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Antique Gouache Ogden Heraldry Coat of Arms; 1730

Antique Gouache Ogden Heraldry Coat of Arms; 1730

Every now and then something extremely cool walks in the door.  Something with history and genealogical intrigue…something with a tantalizing story that it wants to tell, but stays stubbornly silent and mysterious.  Sometimes it’s the things that are small and boring at first glance…until you research them. That’s exactly what I thought when I pulled this small frame off the wall and was ready to list it. It has taken a ton of research and digging to trace all the information and put the pieces of the puzzle together and this particular task was certainly no easy feat! A team effort of literally sifting through boxes of notes, antique ledgers and of course a little luck! And even after all of that, it is still a tantalizing mystery! Read on…

Antique Leather Bound Journal - Oldest Entry 1731

Antique Leather Bound Journal – Oldest Entry 1731

Ogden Coat of Arms

It starts with a tale…..

“There is a legend that has wide circulation, that, when King Charles I fled toward Scotland, pursued by Cromwell’s soldiers, he found temporary refuge at the home of an Ogden. “Being hard pressed, Charles I and Lord Wilmot were secreted in an oak tree and thus escaped. It is added that the King asked Ogden’s wife to name her soon expected next child, if a boy, Wilmot, and if a girl, Wilmuth, in honor of his friend, and these names have been conspicuous in Ogden family ever since. When Charles II came to the throne, he heard the story and granted the ‘Ogden family coat of arms.'” (From Rev. Charles Burr Ogden’s book, “The Quaker Ogdens.”)
“The first trace we have of the coat of arms being used by the Ogdens in Pennsylvania is the positive knowledge that John Ogden, son of David, had a painting of a coat of arms described as blazon Gyronny of eight Argent (white) and Gules (red), in the dexter chief gyron (Top left) an oak branch fructed (with acorns) Proper. On top of the shield is a tall oak tree with the crest showing a mature oak tree proper with a lion standing rampart against it. The Motto: “Et Si Ostendo Non Jacto” is along the bottom in a banner; than translated up top as “And if I make a Show I do not Boast”. Along the border in feather quilled script is written “Granted to John Ogden Esq. by King Charles the Second for his Faithfull Service to this Unfortunate Father Charles the First”. This was before 1742, and the painting continued in the family until the middle of the present century, when it was lost by Robert Wharton Ogden, of Camden, New Jersey. A description, however, was preserved. This painting set forth that it was the coat granted by Charles II to John Ogden, Esq., for services to Charles I.” (Source: The Literary Era: A Monthly Repository of Literary and Miscellaneous Information Vol 4, Pages 307 – 308)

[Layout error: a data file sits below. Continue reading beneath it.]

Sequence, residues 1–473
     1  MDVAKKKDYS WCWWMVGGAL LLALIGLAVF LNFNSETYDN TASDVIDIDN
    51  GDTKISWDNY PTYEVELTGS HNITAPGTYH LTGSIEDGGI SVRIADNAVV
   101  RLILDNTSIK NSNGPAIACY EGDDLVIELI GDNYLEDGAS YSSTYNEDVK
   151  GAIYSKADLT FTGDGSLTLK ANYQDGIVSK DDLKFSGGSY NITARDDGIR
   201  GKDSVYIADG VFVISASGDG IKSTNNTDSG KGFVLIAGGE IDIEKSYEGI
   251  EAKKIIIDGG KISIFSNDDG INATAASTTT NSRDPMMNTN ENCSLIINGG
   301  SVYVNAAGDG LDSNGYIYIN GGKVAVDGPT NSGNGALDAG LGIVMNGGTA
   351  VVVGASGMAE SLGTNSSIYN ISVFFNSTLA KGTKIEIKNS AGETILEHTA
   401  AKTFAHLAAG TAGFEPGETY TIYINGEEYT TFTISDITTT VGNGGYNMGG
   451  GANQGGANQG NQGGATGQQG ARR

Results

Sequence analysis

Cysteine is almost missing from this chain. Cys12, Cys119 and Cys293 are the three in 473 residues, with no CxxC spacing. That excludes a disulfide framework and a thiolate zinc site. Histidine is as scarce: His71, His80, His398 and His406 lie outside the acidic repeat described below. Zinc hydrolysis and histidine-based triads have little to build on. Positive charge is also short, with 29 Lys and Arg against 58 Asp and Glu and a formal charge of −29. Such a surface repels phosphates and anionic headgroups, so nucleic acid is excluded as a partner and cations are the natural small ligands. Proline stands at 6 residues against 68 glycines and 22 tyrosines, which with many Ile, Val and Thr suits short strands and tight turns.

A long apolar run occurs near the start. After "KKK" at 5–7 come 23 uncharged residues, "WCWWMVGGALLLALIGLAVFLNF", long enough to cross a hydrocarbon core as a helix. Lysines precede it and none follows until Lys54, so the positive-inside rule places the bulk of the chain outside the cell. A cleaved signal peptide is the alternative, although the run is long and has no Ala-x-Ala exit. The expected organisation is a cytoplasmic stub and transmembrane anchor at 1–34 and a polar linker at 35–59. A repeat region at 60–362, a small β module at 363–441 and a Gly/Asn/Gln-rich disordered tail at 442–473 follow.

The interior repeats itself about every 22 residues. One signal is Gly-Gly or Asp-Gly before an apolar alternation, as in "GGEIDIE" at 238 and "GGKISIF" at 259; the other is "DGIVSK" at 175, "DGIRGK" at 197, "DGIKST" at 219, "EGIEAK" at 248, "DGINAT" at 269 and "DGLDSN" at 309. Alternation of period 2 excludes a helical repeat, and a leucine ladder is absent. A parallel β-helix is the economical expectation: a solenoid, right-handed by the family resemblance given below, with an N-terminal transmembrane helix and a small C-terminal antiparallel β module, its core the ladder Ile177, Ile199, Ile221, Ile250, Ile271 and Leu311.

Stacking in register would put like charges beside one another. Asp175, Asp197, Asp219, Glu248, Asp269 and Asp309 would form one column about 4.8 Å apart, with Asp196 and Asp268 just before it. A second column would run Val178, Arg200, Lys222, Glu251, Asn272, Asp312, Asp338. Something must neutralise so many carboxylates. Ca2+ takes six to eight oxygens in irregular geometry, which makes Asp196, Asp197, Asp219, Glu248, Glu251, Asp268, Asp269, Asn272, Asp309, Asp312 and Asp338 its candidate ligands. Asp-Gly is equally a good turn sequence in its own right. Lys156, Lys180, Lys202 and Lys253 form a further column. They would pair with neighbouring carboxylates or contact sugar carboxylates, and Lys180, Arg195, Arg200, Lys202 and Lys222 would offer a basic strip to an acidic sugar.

Genealogy Provenance:

“Parthenia Ogden, wife of Jesse Conde. She died December 2, 1817, aged 73 years, 1 month, 17 days.” Also, “Jesse Conde died July 28, 1818, aged 75 years, 4 months, 19 days.” Some months after the visit to Charlton it was our privilege to meet in Poughkeepsie Miss Smith, a descendant of the Paddocks, of Westchester County, an old lady who had lived in Charlton in her youth, whose father’s friend had been Jesse Conde, son of Jesse Conde and Parthenia Ogden. She said the Condes were very proud of their Huguenot stock and of their Ogden blood, and highly prized the coat of arms which came to them through Parthenia Ogden, “granted to John Ogden by King Charles II, for faithful services rendered his unfortunate father. King Charles I.” It is the same as that found among Albert Ogden’s papers, and that the family of Benjamin Ogden have in Antigonish, Nova Scotia, except that in one copy John Ogden is called “Yeoman,” and in another is entitled, “Sir John.” Hugh Clark, English author of “Introduction to Heraldry,” says :
“The Yeomen, of England, were famous in our forefathers’ days for archery and manhood. Our infantry, which so often conquered the French and repulsed the Scots, was composed of them, as are our militia at present.” Among his other activities, Jesse Conde kept a store in Charlton. From his old account book, dating back to 1762, in years. Brown’s possession, we found the following transactions:
A receipt to John Ogden for £8 15s. gold. May 20, 1792.
Sales to Jonathan Ogden of wheat and corn on May 2, 1799, and January 3, 1799.”
This Ledger referred to above is Lot #31 in Pot Of Gold Auction’s July 1, 2014 Catalog.

Present Provenance:

From the Estate of Jesse C. “Jay” Conde; Hawaiian Rail Historian and Ferroequinologist, Museum Curator and Author of such titles which include “Sugar Trains; Narrow Gauge Rails of Hawaii” and “Fowler Locomotives in the Kingdom of Hawaii (Narrow Gauge)”.
See Coat Of Arms listing at Lot # 218 in Pot Of Gold Auction’s July 1, 2014 Catalog

So the question still exists….. Has the commissioned painting been forever lost to time, or have we discovered and recovered the original Painting of the Coat of Arms???

~Elspeth K. (Antiques & Collectibles Research and Evaluation Specialist, Pot Of Gold Auctions)